- Geometry will continue to evolve in the direction of longer and slacker because as has been said by many experts we aren't even close to the limits.

There have been needless changes for sure:
1. going to 35mm diameter handlebars from 31.8mm,
2. going to 15mm axles when 20mm was already available plus 20x110mm was already boost and thus 20years future proof!!!

People still gripe about the new wheelsizes but the fact of the matter is that just like 200mm double crown forks are better than 180mm ones for DH bigger wheels are better. In a few years there will only be 2 wheel sizes with several different widths for the different tires i.e. no new 559mm rimmed bikes being developed though just like 8speeds cassettes the rims/tires will still be sold though of course not at the highend scale.
  • 1 0
 Can't agree more with the above point on 20mm hubs. I skipped a few years cycling and whet I returned 20mm had disappeared and been replaced by the narrower 15mm standard, which has now just got wider again.
  • 4 0
 I'm way off modern standards:
20x110 in the front
Shimano Saint 2008 axle mounted rear mech (2008 was no rapid rise, the 2009 and later generations were no longer axle mounted)
octalink BB and cranks
26" wheels
2x9sp drivetrain
straight 1 1/8 " steerer
IS brake mount front and rear
27.2mm seat post diameter (and 26.8mm on the DMR)

Luckily I don't have the oversized centerlock for the Saint hub and rotors Smile .

The thing is that typically the top end components are the first to comply to new or different standards. So if these quickly become obsolete (say, a new standard doesn't make it) these expensive components become hard to get replacements for. This Saint centerlock mentioned above, rapid rise stuff, full 1.5" steerer. I think it becomes harder to justify spending a lot on an expensive frame. Say you got a nice titanium Commencal 4X hardtail (2012), you'd expect it should last you a while. Then a few years from now you'd have to replace the fork and rear hub. So that's a straight steerer for a 26" fork. And a 135x12 thru axle hub in the rear. Chances are you can't get those from the high end brands anymore. Sure the sub top (Suntour etc.) will step up and probably do just fine, but it is not what you had in mind when you bought a bike for life. I'm not saying progress shouldn't happen, 142x12 sure is better than 135x12 but progress nowadays definitely makes you hesitant about investing into something new and valuable.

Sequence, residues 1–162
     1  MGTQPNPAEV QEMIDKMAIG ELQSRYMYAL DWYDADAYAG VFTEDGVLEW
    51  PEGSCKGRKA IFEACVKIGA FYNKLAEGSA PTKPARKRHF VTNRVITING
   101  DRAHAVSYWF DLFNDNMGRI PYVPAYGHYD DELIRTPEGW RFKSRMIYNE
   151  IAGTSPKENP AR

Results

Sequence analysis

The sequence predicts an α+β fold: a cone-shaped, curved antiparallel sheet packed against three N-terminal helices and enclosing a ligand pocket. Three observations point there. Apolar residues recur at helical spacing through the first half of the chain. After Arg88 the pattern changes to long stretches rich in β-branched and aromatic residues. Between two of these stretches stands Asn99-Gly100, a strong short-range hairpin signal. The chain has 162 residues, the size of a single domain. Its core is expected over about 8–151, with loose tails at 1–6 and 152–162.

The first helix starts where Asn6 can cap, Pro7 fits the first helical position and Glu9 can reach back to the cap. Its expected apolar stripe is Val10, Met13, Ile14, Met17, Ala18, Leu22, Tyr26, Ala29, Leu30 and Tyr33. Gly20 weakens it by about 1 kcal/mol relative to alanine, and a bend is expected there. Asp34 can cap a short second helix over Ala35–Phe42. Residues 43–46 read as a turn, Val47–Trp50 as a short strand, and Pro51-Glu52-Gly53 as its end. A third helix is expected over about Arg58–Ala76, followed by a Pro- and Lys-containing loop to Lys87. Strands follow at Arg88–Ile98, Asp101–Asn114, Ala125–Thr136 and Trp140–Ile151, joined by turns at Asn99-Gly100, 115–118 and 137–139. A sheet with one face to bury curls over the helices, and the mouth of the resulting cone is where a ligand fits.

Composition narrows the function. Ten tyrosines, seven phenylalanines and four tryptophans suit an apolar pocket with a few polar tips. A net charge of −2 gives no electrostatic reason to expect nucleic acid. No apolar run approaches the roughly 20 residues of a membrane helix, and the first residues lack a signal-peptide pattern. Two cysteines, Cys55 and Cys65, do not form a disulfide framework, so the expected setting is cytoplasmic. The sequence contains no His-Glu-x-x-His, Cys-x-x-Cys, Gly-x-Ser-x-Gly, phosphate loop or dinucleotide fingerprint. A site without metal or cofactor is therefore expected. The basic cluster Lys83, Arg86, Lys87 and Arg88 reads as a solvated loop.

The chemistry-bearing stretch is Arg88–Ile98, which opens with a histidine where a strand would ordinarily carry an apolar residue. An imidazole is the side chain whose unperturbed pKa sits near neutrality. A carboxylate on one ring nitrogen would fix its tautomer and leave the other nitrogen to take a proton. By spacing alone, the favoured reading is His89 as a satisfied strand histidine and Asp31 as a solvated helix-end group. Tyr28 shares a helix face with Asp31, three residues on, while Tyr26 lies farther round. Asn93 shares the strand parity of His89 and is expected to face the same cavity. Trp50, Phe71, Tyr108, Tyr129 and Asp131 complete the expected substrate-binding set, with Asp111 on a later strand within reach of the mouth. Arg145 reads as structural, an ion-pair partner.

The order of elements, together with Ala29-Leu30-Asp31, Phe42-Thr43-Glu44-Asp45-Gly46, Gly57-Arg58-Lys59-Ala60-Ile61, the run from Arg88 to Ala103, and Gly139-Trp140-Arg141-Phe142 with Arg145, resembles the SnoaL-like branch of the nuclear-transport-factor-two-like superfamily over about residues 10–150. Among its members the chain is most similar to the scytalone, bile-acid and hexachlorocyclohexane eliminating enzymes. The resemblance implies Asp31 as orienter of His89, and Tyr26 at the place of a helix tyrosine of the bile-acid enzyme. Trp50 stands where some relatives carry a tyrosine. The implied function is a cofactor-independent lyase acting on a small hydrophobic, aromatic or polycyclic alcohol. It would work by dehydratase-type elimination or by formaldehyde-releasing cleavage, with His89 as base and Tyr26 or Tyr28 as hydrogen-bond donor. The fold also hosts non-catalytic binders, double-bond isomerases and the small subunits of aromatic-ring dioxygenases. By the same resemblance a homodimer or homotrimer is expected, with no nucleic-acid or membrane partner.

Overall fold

• 2 4
 Aren't motocross bikes change a lot as well? For instance, axle diameter?
  • 4 3
 I don't really give a frock what the axle standards are in motocross. This is pinkbike, I'm here to read your posts and flames about......get this, let it sink in........mountain bikes !!
  • 3 2
 Exactly. @mountainfish Mountain Bikes! Motoheads theres another site for you.
  • 3 1
 for dirt bikes the only major change is fuel injection and air forks but the good thing about dirt bikes is that you can put that new stuff on a older one, like suspension, probobly not fuel injection but most of the other technology
  • 1 0
 @mountainfish: right on!!! were talkin MTB baby!!!!
  • 104 1
 How to adapt to Boost hubs: wait 2 years for new standard to emerge
  • 50 3
 You mean 2 weeks?
  • 13 3
 This is just like boost but with none of the benefits........
  • 9 7
 The benefit is having almost as stiff a setup without buying new hubs and relacing your wheels.
  • 27 1
 i drink a boost for breakfast, 12 speed for dizzert...
  • 3 3
  • 10 0
 Sorry, my "this" comment was in response to maxlombardy. He has it exactly.

I'm using the Boostinator (at least part of it) on my Mavic Crossmax, latest version of those wheels. It works perfectly. Just on rear as my fork is not Boost.